Why I write and why you should too

Writing makes you think. It’s impossible to write without thinking at least a little bit.

Everyone can share photos or text that others have made, but can you make something yourself? Of course, you can. We all have that ability, but if we don’t use it, we become rusty – very rusty.

I think the biggest problem that holds most people back is that they set way too high standards. They think being able to write is a talent you need to be born with and that writers are these people who use complex vocabulary and whose text just flows like a river as they type on the keyboard non-stop.

Here’s my standard: the sentences have to be coherent sentences that make sense in the English language. That’s it. I don’t worry about being good or having a logical structure – my goal is to write an article (short or long – doesn’t matter) with sentences that make logical sense.

Here’s the truth: true, sometimes the text does flow like a river but more often than not I simply stare at the blank screen having no idea whatsoever. I write a sentence, then delete it, then write a new one, then think “what the hell am I even doing?”, then write some more, and some more.

As far as I’ve come to understand by reading a little bit about the writing processes of other authors (I don’t call myself an author btw), they all have these kinds of moments: staring at the blank screen for periods of time.

What they do, however, is they don’t give up. They keep at it. 

I read a story (I wish I could remember where) about a lawyer who decided to become a writer. So he simply started writing – he wrote several hours a day for years. If I recall correctly, it was around three years after he managed to get published. He won some awards and became quite well known.

Another story is about a guy who worked in a financial area and decided to become a programmer. So he told his parents that he’s going to move back to their place (they weren’t very hopeful about his goal) and that he’s going to teach himself programming for the next three months. Fast forward: he became a successful developer.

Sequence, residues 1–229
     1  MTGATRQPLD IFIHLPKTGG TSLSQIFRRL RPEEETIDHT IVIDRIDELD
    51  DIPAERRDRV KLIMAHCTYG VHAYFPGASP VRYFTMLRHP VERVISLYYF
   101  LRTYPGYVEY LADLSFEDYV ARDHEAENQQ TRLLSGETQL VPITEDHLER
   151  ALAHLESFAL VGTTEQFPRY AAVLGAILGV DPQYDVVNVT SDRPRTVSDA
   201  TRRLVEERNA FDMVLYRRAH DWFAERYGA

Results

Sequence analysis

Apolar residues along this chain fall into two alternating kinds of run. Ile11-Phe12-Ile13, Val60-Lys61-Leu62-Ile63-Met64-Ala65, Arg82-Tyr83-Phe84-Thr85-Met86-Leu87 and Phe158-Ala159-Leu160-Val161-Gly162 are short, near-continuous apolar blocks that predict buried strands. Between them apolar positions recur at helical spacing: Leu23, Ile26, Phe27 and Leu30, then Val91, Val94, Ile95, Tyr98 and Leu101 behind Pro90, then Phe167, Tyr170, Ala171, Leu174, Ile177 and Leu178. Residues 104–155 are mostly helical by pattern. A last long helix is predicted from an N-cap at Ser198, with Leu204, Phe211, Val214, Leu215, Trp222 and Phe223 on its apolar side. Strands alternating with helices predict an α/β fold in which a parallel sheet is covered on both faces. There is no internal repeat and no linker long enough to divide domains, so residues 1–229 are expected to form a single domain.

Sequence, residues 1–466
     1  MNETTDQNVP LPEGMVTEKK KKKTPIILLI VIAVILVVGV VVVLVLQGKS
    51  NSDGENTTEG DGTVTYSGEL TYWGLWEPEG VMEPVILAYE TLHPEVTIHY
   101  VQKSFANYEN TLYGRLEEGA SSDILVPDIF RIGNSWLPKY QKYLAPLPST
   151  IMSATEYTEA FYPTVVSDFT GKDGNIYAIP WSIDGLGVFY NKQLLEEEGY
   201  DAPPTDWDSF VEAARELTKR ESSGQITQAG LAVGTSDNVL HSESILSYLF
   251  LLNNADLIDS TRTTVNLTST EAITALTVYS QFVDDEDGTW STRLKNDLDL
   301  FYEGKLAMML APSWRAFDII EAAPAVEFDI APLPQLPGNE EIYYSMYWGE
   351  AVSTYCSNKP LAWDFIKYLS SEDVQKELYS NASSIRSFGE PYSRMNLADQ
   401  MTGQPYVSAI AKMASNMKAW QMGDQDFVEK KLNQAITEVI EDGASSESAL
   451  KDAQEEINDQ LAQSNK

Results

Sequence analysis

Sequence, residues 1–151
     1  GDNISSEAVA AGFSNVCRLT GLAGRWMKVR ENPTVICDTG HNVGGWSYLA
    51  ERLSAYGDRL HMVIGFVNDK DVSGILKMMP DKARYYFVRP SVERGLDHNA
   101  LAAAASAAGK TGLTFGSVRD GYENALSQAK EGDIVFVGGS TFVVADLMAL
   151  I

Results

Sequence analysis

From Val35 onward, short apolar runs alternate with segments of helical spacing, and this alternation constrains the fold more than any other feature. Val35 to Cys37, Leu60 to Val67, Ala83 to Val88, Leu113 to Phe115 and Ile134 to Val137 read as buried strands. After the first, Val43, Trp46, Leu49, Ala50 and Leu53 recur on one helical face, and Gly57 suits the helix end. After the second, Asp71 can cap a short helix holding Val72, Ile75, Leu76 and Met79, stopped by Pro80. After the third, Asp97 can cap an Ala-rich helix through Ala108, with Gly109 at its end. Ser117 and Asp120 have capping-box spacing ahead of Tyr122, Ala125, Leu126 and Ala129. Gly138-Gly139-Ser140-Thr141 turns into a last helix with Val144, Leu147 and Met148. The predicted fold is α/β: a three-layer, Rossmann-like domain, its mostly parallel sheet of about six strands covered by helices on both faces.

What these stories have in common is that if we would just stick around long enough at something, we can become whatever we want to become. But we have to stick around.

Nowadays all the information is out there. Everything is online: thousands upon thousands of videos, articles, books, lectures, etc. There’s so much information about everything that you’ll never run out of it. You could probably watch videos on Youtube about any subject till the day you die and still not run out of material – not, that you should of course.

Writing every day will teach you commitment. I don’t like the word “self-discipline” that much, so I use “commitment” instead.

“Un ouvrage n’est jamais achevé . . . mais abandonné”.

Paul Valéry, “La Nouvelle Revue Française” (1933)

Committing to something means you stay at it no matter what. You’d rather die than quit. Because you want to, not because you have to. True, at first you have to, but after a while, it becomes “I want to.”

I urge you to start writing. It doesn’t mean you have to publish everything you write or course. The texts you write will remain, the ideas will remain, the lessons you’ll learn will remain – so you can always publish whenever you feel like.

KRISTJAN